"I first met Alexis when we were 14. I was super bitter because I had just been moved from an English class that had been over-filled with my closest friends. I was the only one in our “group” that was forced into a strange new class. I knew no one, until I met the girl sitting next to me. She was new in town, dressed a little different than me, and she had the craziest, loudest laugh I had ever heard- but it was infectious. Little did I know, that laugh would become one of my favorite sounds in the whole world… and the girl behind it would grow to be my best friend, my first roommate, and through the years- my family.
From the get-go, I knew Alexis was hilarious, loving, kind, and completely filled to the brim with personality and life. There was never any sign of anything holding her back or making her any different than me. She was an active, social, strong young lady. It wasn’t until about 4 months of our quickly growing friendship that Alexis rocked my world with news that she had dealt with since she was a toddler.
One random night as we danced around her bedroom and gossiped about boys, Alexis suddenly started to cough. And it wasn’t just any cough- it was deep and aggressive. It scared me to the point that I asked if she needed some water, some help. This is when Alexis told me- she had Cystic Fibrosis.
“What the hell is Cystic Fibrosis?!” I had never heard of it. I almost didn’t believe her, I didn’t believe that someone so much like me could have such a severe, life altering illness. I remember going home the next day and talking to my mom about it. Even though she has worked in the medical community my whole life, my mom didn’t even know much about CF. But the more I fell in love with Alexis, the more I researched. I wanted to learn all that I could about what my best friend was dealing with. I wanted to know why the hell her life expectancy was so much shorter than mine.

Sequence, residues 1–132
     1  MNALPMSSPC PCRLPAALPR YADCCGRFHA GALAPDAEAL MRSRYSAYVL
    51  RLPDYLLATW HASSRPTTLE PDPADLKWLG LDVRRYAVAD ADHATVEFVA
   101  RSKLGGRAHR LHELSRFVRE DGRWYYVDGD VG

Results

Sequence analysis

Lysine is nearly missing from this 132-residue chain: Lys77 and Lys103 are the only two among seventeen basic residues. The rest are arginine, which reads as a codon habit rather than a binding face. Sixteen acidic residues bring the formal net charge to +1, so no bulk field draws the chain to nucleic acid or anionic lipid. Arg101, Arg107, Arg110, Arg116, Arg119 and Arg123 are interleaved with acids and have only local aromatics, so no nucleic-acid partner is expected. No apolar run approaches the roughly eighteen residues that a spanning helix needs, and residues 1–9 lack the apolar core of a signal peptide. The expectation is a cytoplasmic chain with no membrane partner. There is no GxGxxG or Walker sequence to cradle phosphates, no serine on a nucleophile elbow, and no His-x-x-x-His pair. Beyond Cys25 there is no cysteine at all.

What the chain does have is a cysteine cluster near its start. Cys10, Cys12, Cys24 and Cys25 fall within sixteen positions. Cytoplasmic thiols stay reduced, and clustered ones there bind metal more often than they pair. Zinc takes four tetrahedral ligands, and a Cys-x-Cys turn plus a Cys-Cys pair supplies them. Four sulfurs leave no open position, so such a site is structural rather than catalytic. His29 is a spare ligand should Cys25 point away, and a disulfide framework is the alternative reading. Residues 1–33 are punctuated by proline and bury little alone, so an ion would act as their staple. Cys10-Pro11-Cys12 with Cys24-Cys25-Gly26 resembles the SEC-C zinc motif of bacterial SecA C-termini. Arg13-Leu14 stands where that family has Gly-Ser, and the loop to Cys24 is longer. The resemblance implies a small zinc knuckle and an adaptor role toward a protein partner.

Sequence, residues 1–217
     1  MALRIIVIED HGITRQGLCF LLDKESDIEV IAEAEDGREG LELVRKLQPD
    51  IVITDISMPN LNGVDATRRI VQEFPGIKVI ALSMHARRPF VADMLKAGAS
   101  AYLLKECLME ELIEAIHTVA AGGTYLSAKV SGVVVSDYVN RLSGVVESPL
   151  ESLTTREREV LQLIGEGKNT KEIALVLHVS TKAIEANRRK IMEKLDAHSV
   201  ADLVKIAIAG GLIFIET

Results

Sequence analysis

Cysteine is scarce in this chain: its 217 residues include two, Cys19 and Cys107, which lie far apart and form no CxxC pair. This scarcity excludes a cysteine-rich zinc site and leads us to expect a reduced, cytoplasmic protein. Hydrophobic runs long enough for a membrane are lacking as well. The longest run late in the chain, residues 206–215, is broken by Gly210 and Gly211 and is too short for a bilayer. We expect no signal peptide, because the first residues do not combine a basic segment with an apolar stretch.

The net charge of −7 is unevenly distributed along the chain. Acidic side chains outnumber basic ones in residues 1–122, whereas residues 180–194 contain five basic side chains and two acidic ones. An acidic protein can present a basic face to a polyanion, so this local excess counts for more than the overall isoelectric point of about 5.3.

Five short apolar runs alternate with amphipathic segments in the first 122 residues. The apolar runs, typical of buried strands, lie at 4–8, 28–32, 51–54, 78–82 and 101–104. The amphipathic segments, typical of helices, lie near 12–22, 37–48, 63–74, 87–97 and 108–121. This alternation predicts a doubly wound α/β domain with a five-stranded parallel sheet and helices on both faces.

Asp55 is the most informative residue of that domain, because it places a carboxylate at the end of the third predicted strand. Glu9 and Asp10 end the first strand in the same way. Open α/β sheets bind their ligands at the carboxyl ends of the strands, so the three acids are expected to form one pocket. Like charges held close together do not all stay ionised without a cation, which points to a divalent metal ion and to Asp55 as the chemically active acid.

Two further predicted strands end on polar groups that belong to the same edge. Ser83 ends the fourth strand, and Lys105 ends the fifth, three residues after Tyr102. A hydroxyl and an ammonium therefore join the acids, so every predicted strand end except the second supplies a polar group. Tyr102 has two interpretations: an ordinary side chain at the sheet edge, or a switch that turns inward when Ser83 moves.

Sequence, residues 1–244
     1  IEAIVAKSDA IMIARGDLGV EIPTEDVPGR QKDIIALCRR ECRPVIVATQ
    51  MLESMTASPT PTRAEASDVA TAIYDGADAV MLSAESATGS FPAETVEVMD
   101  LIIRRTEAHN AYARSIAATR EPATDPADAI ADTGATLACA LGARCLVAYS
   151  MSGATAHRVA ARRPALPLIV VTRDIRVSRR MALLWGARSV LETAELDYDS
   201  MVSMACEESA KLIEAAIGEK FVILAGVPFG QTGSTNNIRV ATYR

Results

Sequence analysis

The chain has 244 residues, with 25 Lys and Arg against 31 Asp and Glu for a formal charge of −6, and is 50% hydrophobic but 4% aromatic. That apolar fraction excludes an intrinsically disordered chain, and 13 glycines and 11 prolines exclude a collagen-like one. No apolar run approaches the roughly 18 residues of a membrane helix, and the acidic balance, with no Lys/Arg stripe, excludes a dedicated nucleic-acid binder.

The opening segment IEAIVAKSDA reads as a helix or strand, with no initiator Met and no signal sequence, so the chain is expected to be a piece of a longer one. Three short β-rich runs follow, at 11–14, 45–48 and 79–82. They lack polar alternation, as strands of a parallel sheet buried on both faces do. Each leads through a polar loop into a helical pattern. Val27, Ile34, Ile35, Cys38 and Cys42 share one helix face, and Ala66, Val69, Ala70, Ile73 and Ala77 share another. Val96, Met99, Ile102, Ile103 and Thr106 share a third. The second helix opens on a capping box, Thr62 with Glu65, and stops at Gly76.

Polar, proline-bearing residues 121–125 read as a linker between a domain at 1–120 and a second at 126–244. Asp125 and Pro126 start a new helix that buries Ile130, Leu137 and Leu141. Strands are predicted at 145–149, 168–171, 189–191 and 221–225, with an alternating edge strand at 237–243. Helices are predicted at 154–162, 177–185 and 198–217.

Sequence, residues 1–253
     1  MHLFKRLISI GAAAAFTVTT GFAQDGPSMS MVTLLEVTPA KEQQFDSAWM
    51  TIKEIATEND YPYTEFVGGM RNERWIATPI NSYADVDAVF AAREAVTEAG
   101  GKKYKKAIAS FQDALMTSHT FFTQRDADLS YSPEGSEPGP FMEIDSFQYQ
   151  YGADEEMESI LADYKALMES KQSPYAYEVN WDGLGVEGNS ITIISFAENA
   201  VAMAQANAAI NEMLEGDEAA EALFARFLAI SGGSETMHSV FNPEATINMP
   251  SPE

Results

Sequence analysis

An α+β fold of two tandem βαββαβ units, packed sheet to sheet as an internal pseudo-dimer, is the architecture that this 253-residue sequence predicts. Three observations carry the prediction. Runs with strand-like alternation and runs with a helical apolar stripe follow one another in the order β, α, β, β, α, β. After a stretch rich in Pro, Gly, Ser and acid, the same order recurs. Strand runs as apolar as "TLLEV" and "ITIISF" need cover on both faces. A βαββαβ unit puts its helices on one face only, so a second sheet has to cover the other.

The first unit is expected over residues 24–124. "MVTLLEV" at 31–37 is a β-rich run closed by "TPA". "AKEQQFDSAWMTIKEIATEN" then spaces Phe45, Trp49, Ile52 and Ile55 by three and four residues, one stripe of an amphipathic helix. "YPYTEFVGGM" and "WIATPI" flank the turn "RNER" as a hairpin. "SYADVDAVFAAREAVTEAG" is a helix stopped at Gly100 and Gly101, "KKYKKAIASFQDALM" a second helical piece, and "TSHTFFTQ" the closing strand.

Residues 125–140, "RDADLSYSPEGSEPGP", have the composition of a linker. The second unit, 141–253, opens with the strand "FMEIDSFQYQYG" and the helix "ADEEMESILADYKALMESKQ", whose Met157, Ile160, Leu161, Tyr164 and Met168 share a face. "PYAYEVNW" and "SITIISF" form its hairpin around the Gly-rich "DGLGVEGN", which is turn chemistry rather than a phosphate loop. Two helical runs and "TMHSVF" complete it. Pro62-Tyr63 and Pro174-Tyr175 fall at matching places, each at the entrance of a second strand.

It wasn’t fair. Call it selfish, but I would get so upset thinking about the possibility of losing her. I will never forget the day Alexis and I went to the funeral of another local boy with CF. He was our age. He had a lung transplant and everything- but his disease won the battle. This reality knocked me out cold, I started to think about how I was actually going to deal with the loss of my best friend. We were so young and so full of life- the thought was consuming. And the more I learned, the more I wanted the world to learn. I wanted everyone to know what she was going through and how awesome and resilient she was- but I was sworn to secrecy. At that point, she wasn’t quite comfortable telling just anyone about her battle. She kept it to herself and silently fought for a “normal” life.